export default App;

There is an accompanying App.css file that is all about style, i am going to post that also to GitHub.

We can test our App with npm start and if we are happy time to deploy to Web App Service! So we have our Azure Container Registry and we need to login, tag and push our app ! Don;t forge we need Docker running and a Docker file as simple as this:

# Build stage
FROM node:18 AS build

# Set the working directory
WORKDIR /app

# Copy the frontend directory contents into the container at /app
COPY . /app

# Copy the environment file
COPY .env /app/.env

# Install dependencies and build the app
RUN npm install
RUN npm run build

# Serve stage
FROM nginx:alpine

# Copy the custom Nginx config into the image
# COPY custom_nginx.conf /etc/nginx/conf.d/default.conf

# Copy the build files from the build stage to the Nginx web root directory
COPY --from=build /app/build /usr/share/nginx/html

# Expose port 80 for the app
EXPOSE 80

# Start Nginx
CMD ["nginx", "-g", "daemon off;"]

And let’s deploy :

az acr login --name $(az acr list -g rgname --query "[].{name: name}" -o tsv)
az acr list -g rg-webvideo --query "[].{name: name}" -o tsv
docker build -t myoapp .
docker tag myapp ACRNAME.azurecr.io/myapp:v1
docker push ACRNAME.azurecr.io/myapp:v1

Once our App is pushed go to your Container Registry, from Registries select our image and deploy to a Web App:

Some additional setting are needed on our Storage Account, beside the Container Level Anonymous read Access The settings are about CORS and we must add “*” in allowed Origins with GET, PUT and LIST for the allowed methods. Once we are ready, we can open our URL and Upload a sample file to verify everything is working as expected.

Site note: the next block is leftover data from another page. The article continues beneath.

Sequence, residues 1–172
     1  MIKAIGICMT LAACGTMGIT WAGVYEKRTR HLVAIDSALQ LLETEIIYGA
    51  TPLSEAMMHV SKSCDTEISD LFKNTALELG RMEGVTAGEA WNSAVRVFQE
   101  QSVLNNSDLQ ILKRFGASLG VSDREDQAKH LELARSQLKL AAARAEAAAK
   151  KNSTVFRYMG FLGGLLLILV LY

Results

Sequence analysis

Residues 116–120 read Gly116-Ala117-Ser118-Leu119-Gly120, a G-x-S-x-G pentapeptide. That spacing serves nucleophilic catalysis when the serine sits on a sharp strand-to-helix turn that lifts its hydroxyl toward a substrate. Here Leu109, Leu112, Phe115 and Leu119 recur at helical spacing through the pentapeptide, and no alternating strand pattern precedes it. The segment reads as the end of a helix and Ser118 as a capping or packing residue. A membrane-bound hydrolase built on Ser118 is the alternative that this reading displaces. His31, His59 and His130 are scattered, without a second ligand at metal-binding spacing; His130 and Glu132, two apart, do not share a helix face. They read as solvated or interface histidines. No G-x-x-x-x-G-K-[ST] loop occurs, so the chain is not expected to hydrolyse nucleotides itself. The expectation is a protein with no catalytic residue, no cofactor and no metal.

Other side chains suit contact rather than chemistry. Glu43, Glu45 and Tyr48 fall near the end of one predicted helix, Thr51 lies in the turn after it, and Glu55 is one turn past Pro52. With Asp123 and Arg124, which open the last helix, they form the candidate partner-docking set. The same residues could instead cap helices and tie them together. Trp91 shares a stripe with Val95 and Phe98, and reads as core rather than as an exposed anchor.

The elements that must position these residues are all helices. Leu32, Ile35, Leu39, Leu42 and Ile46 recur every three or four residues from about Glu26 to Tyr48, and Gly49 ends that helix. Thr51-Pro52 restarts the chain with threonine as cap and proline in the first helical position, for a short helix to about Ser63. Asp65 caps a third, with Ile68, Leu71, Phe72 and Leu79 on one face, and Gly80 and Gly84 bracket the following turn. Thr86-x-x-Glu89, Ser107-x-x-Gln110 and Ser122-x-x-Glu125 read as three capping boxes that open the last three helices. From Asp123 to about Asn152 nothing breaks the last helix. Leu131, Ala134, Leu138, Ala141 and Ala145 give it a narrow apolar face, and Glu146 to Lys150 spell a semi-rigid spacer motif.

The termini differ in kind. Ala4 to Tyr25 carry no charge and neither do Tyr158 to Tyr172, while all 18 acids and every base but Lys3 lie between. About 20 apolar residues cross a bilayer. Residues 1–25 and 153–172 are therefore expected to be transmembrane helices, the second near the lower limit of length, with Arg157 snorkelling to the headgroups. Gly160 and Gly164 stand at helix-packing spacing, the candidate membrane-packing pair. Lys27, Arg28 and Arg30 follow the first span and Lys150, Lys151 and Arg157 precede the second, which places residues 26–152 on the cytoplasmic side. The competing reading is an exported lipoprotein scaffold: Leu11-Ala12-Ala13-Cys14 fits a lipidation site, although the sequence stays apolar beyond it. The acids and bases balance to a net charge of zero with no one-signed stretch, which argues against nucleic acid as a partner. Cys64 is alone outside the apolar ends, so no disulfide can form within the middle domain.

Now we have a Function App to build. Create a new Function App with an APP Service plan of B2, and .NET 6.0 since we are going to deploy a C# code for a new trigger. Also we need to add into the Function App configuration the CONTENT_SAFETY_ENDPOINT, and CONTENT_SAFETY_KEY, for our Azure AI Content Safety resource. From VSCode add a new Function, set it to Blob Trigger and here is the code for our Function to call the Safety API and get the Image moderation status. We can see that we can set our Safety levels depending on the case :

using System;
using System.IO;
using System.Threading.Tasks;
using Azure;
using Azure.AI.ContentSafety;
using Azure.Storage.Blobs;
using Microsoft.Azure.WebJobs;
using Microsoft.Extensions.Logging;
using System.Collections.Generic;

namespace Company.Function
{
    public static class BlobTriggerCSharp1
    {
        [FunctionName("BlobTriggerCSharp1")]
        public static async Task Run(
            [BlobTrigger("uploads/{name}.{extension}", Connection = "AzureWebJobsStorage_strmodapp01")] Stream myBlob, 
            string name, 
            string extension, 
            ILogger log)
        {
            log.LogInformation($"Processing blob: {name}.{extension}");

            string connectionString = Environment.GetEnvironmentVariable("AzureWebJobsStorage_strmodapp01");
            BlobServiceClient blobServiceClient = new BlobServiceClient(connectionString);
            BlobClient blobClient = blobServiceClient.GetBlobContainerClient("uploads").GetBlobClient($"{name}.{extension}");

            string endpoint = Environment.GetEnvironmentVariable("CONTENT_SAFETY_ENDPOINT");
            string key = Environment.GetEnvironmentVariable("CONTENT_SAFETY_KEY");
            ContentSafetyClient contentSafetyClient = new ContentSafetyClient(new Uri(endpoint), new AzureKeyCredential(key));

            ImageData image = new ImageData() { Content = BinaryData.FromStream(myBlob) };